There are a number of people who are interested in creating a new sandboxing system for Python. Apart from the Zope RestrictedPython implementation, some work by Brett Cannon is ongoing, and related works such as mxProxy are also available (although the objectives of the latter and similar projects may be less ambitious than providing a full restricted execution environment).


For my part, I think this is something that the PSF should fund development on so that it happens sooner rather than later. There are enough interested parties, that lends itself to getting government or other grant funding. -- KevinAltis

Having used the rexec stuff years ago (1995-6), I seem to recall that the principles of that module involved restricting the modules available, possibly along with the attributes available from each module, class and object. Is there a concise summary of how such mechanisms could have been subverted/exploited and a description of why they are particularly hard to fix? Or is that what this page is about? -- PaulBoddie

I think it should be what the page is about. The basic problem is that Python's introspection allows several ways to "escape". For instance, code which is passed a file object, f, are given access to that single file, but it ALSO can use "type(f)", or "f.class" to get access to "file" itself, and then use it to open any file. Security experts will tell you that "plugging holes" is generally a poor approach to security because there usually turn out to be additional "holes" you hadn't considered -- true security requires an overall design with security considerations included. Doing this for Python is not impossible, but may prove difficult. On the other hand, I would agree that it is worthwhile. -- MichaelChermside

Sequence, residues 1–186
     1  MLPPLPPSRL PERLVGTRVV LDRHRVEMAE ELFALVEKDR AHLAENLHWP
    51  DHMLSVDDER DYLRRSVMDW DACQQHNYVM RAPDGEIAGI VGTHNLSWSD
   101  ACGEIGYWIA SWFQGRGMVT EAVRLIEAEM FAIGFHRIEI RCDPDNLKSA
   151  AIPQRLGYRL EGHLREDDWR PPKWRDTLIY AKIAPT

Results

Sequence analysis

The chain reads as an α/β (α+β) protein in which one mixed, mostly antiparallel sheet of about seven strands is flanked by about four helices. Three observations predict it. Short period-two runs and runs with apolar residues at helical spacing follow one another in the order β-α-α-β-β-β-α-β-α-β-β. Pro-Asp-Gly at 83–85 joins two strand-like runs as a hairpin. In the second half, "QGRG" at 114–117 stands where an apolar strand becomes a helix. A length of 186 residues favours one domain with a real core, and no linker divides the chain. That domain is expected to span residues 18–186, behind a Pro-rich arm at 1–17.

I also have another idea... I have long thought that much of the issues could be handled by creating a module which would make it easy to run bits of Python code in a separate interpreter, running as a separate process, and sandboxed using OS features. The difficulty would be that such a module would require OS-specific code... but it would have the potential to provide sandboxing that was as reliable as the OS would allow. -- MichaelChermside

Sounds like Parrot, (PythonAndParrot,) to me. -- LionKimbro

How so? -- MichaelChermside

Oh, sorry. No, Parrot doesn't refer to running bits of Python code in a seperate interpreter.

Parrot seems like a good target for running the sandboxed code in. I mean: ".NET" and all. Make it so you can secure the Parrot interpreter, and you're good. If a module requires custom C code links, or whatever, make it so you can close the gates to individual parts of C code, or something. And then make it so you can put various RestrictedExecution thingies on the Python code. -- LionKimbro

Perhaps a better solution with the same approach would be Jython. Java provides excellent sandboxing capabilities, and Jython has the distinct advantage that it already exists and works. -- MichaelChermside

Whereas Parrot; I think Parrot will function just fine. It'll just take a little time. -- LionKimbro 2004-05-07 16:54:04

We created a project Pynbox to run Python in a NativeClient OS-level sandbox. It makes it easy to install (root not required), works cross-platform, supports native modules, and allows configuring read/write access to specific filesystem directories. We use it at Grist Labs, but would love to know if there is wider interest and to get feedback. -- DmitryS 2017-06-06

SandboxedPython (last edited 2017-06-06 20:21:57 by DmitryS)